A report by the International Telecommunications Union [PDF] indicates that 3.9 billion people do not yet have access to the internet, despite falling prices for ICT services and increasing mobile broadband coverage.

“Our new data show that in 2016, over two-thirds of the world's population lives within an area covered by a mobile broadband network, and that ICT services continue to become more affordable. Despite these unprecedented opportunities, more than half of all people are not yet using the Internet, and large differences exist in terms of broadband speeds and quality", Brahima Sanou, Director of the ITU Telecommunication Development Bureau says in the report.

The report indicates that key telecommunication/ICT indicators including mobile cellular subscriptions, internet use,fixed and mobile broadband services, and home ICT access have grown steadily, with seven billion people (95% of the global population) living in an area that is covered by a mobile-cellular network.

Developing countries now account for the majority of Internet users, with 2.5 billion compared with one billion in developed countries.

However, internet penetration tells a different story. Four out of five people in developed countries actively use the internet, compared to two out of five in developing countries and less than one in five in the Least Developed Countries.

“Access to information and communication technologies, particularly broadband, has the potential to serve as a major accelerator of the 2030 Agenda for Sustainable Development. Global interconnectedness is rapidly expanding, however more needs to be done to bridge the digital divide and bring the more than half of the global population not using the Internet into the digital economy,” said ITU Secretary-General Houlin Zhao.

Mobile broadband growth slowing

Advanced mobile-broadband networks (LTE) have over the last three years spread over and reached almost four billion people today – corresponding to 53% of the global population. While the number of mobile-broadband subscriptions continues to grow at double digit rates in developing countries to reach a penetration rate of close to 41%, mobile-broadband penetration growth has slowed overall.

Globally, the total number of mobile-broadband subscriptions is expected to reach 3.6 billion by end 2016, compared with 3.2 billion at end 2015.

Fixed broadband growth strongest in developed countries

Global fixed-broadband subscriptions are expected to reach around 12 per 100 inhabitants in 2016, with Europe, the Americas and the Commonwealth of Independent States regions having the highest rates of penetration. Strong growth in China is driving fixed-broadband in Asia and the Pacific, where penetration is expected to surpass 10% by end of 2016.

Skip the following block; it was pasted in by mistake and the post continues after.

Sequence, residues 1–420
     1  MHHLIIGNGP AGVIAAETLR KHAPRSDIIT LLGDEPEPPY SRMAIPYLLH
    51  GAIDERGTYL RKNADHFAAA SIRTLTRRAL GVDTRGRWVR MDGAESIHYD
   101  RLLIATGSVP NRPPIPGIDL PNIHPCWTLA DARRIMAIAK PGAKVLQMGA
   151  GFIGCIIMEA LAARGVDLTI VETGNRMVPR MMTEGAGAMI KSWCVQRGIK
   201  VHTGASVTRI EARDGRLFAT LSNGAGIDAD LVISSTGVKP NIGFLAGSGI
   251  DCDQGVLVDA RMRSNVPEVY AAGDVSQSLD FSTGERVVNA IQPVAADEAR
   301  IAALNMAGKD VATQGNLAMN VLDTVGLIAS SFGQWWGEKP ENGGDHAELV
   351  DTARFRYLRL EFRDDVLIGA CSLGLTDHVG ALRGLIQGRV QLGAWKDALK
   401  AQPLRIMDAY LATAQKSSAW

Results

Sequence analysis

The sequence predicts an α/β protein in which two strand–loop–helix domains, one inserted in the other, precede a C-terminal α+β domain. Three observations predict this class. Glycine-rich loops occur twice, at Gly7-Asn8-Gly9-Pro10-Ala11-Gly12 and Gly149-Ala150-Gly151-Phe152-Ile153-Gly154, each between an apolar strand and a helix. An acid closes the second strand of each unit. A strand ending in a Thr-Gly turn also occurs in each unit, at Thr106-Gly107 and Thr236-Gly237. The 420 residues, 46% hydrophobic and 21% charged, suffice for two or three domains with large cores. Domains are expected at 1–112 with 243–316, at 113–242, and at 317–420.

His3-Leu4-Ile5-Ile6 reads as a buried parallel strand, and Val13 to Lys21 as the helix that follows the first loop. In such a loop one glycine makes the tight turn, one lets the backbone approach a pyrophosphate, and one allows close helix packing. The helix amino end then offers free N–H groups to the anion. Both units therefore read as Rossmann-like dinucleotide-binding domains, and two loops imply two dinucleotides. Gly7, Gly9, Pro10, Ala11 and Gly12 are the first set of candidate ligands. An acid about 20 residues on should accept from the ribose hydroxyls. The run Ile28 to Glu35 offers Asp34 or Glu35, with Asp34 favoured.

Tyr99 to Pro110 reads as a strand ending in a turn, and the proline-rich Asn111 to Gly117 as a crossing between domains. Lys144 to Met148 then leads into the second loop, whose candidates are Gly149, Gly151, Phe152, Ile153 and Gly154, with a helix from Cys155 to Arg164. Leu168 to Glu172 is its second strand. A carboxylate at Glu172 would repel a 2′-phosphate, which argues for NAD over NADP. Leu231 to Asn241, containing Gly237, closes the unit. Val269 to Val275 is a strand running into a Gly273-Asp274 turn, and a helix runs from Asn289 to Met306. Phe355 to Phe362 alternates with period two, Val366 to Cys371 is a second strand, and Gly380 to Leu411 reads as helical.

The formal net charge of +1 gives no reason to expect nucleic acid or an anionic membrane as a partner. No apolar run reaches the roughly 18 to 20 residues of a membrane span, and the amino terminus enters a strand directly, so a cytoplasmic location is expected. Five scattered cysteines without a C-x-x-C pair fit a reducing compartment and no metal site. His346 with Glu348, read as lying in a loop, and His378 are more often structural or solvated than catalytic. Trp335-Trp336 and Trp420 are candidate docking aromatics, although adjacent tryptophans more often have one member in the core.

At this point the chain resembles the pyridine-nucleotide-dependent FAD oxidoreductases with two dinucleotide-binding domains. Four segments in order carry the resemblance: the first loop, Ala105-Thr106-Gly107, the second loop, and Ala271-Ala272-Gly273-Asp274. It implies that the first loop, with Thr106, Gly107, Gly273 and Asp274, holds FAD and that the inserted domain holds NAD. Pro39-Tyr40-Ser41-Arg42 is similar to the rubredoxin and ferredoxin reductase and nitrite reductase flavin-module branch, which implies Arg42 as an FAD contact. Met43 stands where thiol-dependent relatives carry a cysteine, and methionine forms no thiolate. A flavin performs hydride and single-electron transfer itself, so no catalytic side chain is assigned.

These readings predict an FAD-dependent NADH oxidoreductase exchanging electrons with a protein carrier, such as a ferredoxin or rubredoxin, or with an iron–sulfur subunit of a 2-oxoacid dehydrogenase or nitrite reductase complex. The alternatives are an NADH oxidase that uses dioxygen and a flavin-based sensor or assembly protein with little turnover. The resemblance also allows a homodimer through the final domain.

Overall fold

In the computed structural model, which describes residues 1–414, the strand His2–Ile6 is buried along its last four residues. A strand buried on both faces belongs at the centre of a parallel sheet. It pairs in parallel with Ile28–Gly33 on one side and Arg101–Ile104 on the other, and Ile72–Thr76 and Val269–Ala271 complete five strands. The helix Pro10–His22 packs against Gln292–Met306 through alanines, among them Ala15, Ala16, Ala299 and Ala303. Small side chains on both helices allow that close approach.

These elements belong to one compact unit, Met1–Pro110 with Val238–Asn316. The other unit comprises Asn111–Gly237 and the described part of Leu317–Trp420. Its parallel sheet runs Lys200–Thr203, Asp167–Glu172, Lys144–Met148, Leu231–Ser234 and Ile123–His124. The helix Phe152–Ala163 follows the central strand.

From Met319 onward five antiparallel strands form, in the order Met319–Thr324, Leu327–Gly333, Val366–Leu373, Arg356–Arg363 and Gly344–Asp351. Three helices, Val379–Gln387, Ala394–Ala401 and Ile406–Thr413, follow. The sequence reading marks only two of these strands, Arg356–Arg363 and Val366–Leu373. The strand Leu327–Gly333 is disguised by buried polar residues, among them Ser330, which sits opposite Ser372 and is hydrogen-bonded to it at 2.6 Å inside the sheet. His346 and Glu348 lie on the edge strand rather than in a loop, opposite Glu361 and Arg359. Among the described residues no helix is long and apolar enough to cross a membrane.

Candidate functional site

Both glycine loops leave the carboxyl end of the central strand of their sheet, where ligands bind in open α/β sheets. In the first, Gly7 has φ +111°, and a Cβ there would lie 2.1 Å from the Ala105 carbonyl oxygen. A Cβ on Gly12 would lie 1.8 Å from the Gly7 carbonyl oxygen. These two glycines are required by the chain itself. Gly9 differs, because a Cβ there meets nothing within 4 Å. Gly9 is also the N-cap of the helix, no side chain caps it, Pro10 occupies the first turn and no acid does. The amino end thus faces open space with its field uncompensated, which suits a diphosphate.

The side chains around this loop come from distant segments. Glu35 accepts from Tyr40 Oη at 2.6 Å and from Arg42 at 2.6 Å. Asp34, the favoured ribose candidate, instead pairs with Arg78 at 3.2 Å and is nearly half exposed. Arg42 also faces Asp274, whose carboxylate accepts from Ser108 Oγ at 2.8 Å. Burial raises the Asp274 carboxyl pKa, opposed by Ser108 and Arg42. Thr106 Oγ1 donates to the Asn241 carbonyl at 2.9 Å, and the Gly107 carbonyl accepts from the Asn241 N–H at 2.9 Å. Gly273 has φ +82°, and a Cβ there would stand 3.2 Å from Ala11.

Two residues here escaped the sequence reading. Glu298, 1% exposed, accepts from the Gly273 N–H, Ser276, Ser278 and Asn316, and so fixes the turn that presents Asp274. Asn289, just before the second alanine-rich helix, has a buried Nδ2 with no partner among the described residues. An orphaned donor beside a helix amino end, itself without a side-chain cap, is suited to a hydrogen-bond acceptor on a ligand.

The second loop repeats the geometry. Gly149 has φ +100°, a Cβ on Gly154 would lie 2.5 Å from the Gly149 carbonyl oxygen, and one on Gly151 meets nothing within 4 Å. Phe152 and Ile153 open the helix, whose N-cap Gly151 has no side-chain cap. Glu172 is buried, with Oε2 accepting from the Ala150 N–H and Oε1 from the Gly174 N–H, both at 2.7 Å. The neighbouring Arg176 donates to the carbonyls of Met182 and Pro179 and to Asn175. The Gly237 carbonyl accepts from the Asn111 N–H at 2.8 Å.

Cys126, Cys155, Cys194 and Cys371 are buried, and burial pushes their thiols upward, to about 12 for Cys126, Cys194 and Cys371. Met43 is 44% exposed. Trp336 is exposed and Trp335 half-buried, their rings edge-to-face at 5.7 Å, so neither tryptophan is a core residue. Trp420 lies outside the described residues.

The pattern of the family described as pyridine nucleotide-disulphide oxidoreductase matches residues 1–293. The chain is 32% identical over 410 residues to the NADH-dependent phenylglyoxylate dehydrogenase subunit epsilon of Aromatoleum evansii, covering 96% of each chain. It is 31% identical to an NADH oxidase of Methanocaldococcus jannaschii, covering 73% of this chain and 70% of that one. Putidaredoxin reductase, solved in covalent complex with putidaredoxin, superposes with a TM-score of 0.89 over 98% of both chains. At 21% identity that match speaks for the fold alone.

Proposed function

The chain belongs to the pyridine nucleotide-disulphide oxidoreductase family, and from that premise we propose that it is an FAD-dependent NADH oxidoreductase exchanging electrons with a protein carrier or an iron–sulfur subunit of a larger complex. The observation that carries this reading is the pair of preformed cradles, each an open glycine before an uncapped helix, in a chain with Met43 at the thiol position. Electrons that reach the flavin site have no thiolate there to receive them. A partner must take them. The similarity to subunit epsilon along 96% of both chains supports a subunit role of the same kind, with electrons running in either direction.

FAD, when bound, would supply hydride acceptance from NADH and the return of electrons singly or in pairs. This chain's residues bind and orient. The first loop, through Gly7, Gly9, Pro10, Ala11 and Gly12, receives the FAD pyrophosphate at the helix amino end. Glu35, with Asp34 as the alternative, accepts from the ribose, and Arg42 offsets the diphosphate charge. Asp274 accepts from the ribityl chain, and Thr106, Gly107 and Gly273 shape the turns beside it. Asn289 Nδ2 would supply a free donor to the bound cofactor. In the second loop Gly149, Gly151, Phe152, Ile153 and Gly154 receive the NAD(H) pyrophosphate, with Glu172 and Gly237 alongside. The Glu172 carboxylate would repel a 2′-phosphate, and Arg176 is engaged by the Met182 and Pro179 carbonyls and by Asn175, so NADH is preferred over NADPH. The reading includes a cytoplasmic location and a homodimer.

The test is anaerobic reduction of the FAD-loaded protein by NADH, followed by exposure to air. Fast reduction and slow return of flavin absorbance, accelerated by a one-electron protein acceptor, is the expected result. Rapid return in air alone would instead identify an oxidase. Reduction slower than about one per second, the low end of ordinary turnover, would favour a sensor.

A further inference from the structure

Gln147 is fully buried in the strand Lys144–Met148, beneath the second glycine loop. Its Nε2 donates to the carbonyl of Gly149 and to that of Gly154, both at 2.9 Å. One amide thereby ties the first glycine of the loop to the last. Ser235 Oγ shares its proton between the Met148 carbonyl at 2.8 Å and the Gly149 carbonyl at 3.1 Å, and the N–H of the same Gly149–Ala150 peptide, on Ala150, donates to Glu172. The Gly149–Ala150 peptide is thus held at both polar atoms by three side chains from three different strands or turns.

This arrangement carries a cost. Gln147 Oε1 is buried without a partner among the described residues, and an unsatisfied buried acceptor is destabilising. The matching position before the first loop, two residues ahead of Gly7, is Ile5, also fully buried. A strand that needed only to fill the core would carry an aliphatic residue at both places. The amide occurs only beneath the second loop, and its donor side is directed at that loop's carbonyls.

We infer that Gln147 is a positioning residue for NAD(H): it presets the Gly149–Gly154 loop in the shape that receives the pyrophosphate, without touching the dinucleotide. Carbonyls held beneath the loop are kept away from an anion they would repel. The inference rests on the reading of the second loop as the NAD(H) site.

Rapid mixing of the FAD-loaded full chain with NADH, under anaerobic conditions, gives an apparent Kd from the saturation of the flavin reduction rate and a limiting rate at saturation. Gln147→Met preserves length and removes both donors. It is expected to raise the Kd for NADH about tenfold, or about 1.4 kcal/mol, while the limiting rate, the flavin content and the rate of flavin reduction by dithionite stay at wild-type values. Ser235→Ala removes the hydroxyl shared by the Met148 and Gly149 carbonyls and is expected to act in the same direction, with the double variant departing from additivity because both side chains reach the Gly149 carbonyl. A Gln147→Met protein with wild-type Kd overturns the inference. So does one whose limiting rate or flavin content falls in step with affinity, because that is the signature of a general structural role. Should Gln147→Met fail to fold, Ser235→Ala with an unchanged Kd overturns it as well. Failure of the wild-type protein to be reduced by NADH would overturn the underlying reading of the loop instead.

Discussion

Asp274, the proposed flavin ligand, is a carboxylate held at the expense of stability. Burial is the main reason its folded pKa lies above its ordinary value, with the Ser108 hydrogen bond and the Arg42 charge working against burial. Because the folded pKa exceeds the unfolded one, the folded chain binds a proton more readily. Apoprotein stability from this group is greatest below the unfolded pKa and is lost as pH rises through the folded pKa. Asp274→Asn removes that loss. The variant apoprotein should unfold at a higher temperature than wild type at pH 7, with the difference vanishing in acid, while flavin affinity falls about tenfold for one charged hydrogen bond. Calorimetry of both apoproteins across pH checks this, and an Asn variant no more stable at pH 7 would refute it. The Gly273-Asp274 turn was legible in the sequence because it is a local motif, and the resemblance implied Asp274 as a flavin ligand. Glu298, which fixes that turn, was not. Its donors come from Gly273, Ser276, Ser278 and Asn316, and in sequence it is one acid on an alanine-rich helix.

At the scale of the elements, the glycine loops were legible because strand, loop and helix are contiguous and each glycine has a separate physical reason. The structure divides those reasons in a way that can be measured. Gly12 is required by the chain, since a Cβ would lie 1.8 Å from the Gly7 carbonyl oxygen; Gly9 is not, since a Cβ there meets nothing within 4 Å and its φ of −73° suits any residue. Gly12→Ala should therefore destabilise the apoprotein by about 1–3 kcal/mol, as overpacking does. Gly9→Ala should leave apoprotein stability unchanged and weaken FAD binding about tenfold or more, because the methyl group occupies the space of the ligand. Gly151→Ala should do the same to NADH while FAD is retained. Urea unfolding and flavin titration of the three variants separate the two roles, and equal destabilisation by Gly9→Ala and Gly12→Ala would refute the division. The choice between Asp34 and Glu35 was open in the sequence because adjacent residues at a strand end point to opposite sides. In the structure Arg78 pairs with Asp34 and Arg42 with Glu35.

ICT prices continue to fall

Mobile-broadband services have now become more affordable than fixed-broadband services, with the average price for a basic fixed-broadband plan more than twice as high as the average price of a comparable mobile-broadband plan.

By the end of 2015, 83 developing countries had achieved the Broadband Commission’s affordability target.

Digital divide means half the world is still offline

By the end of 2016, more than half of the world’s population – 3.9 billion people – will not yet be using the Internet. While almost one billion households in the world now have Internet access (of which 230 million are in China, 60 million in India and 20 million in the world’s 48 Least Developed Countries), figures for household access reveal the extent of the digital divide, with 84% of households connected in Europe, compared with 15.4% in the African region.

Source: ITU Facts and Figures 2016 Report

Internet bandwidth is unevenly distributed

At the start of 2016, international Internet bandwidth had reached 185,000 gigabits per second, up from a low of 30,000 gigabits in 2008. However, bandwidth is unequally distributed globally, and lack of bandwidth remains a major bottleneck to improved Internet connectivity in many developing and Least Developed Countries.

The challenge of getting more people online lies in the fact that least-developed countries lack access to international connectivity infrastructure. Fiber networks are expensive to build, therefore they often rely on older network infrastructure which is lacking in capacity.

While governments are often encumbered by considerations that may put the provision of internet access lower in the priorities table, private sector players like Google and Facebook are working on solutions to deliver high-speed access to remote areas where funding is lacking. Additionally, companies like BRCK and Outernet are creating mesh networks that cover the gaps in connectivity on a smaller scale, which means that the major bottleneck keeping half the world's population offline could be overcome in the coming years, and we are likely to see a jump in numbers over time as more people are able to get connected.

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